Our late son-in-law Gerry loved the Giants, and his loving wife game him this helmet after the 2007 Superbowl. I think all the players who participated signed it, but I’m not absolutely sure. If there’s a place the spirit goes, I hope Gerry is looking down tonight, after his Giants’ victory in the 2012 Superbowl, again defeating the Patriots. I don’t really have a favorite team, but I pull for the Giants in Gerry’s memory.
Category Archives: family
We stopped in Washington, D.C., on our trip south this year, and stayed at the historic Willard Hotel on Pennsylvania Avenue (yup, right close to the White House). Every President since 1850 has stayed in the hotel or attended some function there. We spent the one full day we had tramping around the monuments (until we were exhausted, we ended up taking a cab back to our lodging). The picture above is of the Women in Military Service for America Memorial at Arlington National Cemetery. I had never visited the cemetery before, let alone the Women’s Memorial. This was an emotional day for me, not just because it’s Arlington, and because I’m a veteran, but because my mother served in the Waves in WWII, my father was also in the Navy then, and they met while serving in Norfolk. Mom traveled to Washington/Arlington for the dedication of the Women’s Memorial, and was very moved by it. I still have some of the memorabilia she received then. I might say more about visiting Arlington another day, but today I’m particularly thinking of my mother.
She was a farm girl from Illinois, the oldest of eight children. She actually had to run away from home, and board with a family and look after their kids, just to go to high school. Her father didn’t believe much in education, particularly of women. I remember him as a gruff man. He had served in the Navy in WWI. She was very shy, and had difficulty making friends. I try to picture her in Norfolk, this young woman who was to become the mother of six children (five are surviving), and to be twice a widow. I vaguely recall that someone fixed her up with my father-to-be. I know nothing of their dating and courtship days.
There was a particular picture of my mom I was going to post today, but I couldn’t locate it, but I did get a picture I was unaware of from my brother, showing my parents together as a young couple. Tomorrow would have been my mother’s 90th birthday. I was going to hold this post for then, but I’m thinking about all this now, so here it is.
My brother David’s ashes were scattered here, in Jubilee College State Park, just west of Peoria, Illinois. Rest easy little brother. He was not a religious man, but this beautiful peaceful park is a fitting place for his ashes. The photo is the best one I think I’ve done in the park.
Jubilee College State Park is an Illinois state park located 6 miles west of Peoria, Illinois. It contains Jubilee College State Historic Site, a frontier Illinois college active from 1840 to 1862.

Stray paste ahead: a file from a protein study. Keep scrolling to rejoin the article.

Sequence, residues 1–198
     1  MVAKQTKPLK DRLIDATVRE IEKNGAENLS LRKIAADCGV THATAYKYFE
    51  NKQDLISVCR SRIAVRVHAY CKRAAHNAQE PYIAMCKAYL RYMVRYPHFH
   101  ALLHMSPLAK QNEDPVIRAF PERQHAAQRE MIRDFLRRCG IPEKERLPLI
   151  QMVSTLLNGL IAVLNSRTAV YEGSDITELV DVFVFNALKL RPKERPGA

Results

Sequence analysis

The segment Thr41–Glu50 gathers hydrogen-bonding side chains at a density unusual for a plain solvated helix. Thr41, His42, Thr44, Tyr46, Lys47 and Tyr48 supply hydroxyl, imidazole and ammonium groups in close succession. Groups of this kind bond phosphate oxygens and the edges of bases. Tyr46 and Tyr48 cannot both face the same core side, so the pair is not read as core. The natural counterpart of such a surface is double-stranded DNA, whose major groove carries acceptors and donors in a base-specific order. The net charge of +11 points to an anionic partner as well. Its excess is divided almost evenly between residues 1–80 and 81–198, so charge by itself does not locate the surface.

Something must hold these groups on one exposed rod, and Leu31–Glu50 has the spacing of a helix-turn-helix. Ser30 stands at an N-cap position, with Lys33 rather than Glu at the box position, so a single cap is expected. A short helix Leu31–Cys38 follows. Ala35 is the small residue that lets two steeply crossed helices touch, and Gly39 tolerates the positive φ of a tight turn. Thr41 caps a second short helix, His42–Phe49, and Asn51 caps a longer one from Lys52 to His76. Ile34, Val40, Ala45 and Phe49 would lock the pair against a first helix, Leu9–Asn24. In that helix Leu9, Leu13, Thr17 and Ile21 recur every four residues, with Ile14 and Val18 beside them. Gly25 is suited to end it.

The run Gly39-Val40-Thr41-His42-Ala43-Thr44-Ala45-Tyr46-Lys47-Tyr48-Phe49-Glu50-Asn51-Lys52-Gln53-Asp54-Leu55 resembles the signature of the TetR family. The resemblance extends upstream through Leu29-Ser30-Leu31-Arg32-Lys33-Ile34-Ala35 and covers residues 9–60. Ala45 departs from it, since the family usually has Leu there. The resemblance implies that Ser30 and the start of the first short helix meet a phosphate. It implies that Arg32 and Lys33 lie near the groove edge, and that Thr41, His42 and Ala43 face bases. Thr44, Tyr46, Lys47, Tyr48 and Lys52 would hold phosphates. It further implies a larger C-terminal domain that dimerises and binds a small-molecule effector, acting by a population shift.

Jubilee College, and the frontier community that supported it, was founded in 1839 by Episcopal bishop Philander Chase. Earlier in his career Chase had founded Kenyon College in Ohio.
This was one of the earliest educational enterprises in Illinois. After the Bishop’s death, the college closed in 1862. In 1933 the college and grounds, then consisting of 93 acres (38 ha), were presented to the state of Illinois. The site has since been expanded to 3,200 acres (1,295 ha) and includes the original Chase residence and church.
Philander Chase was the uncle and caretaker of Salmon P. Chase, future Chief Justice of the United States.
So we went to Universal with the Chili clan. We got to the park about 8:00AM or so, as it opened an hour early. By the time we got to the Harry Potter section it was already a two hour wait for the ride in Hogwarts. So we got in line. Then the ride decided not to work. Hmmm. We wandered around a bit, including visiting the candy store and a couple other things. When we wandered out of Potter, their was a line just to get in. If you’ve been to Universal, you know about how insane this is. A line to wait in to get in other lines to wait in, the main one of which was not going anywhere at all. We did other Universal stuff, of course, and eventually, after lunch at Margaritaville, left Islands of Adventure to go to the original park, which I think is Universal Studios, where Mr. Chili and Bluemoon rode the scary new coaster. The rest of us did the E.T. ride, then rejoined the daring coaster riders for Men In Black. Dinner at Cheesecake Factory ended the outing (well, a bit of a traffic backup on I-4 after dinner really did it).
Have I ever mentioned that the Chilis are some of the dearest people to us in the whole wide wicked world?
Another shot from Honeydukes:
Universal was not all that crowded the day I shot this, except for the Harry Potter part, where one could barely move. I patiently waited until there were no people in my way for this scene. We (my Honey, and my brother, whose generally used handle is “Poncho”) didn’t ride the virtual ride, it was just too crowded. We did try butter beer, which was a sweetish glop that we had to wait in line for. Glop, yes, but I actually liked it.
Took bro’ to the airport yesterday. He has become such a big part of my life these last years, which is great but I think of the “lost years.” Oh, well, no going back.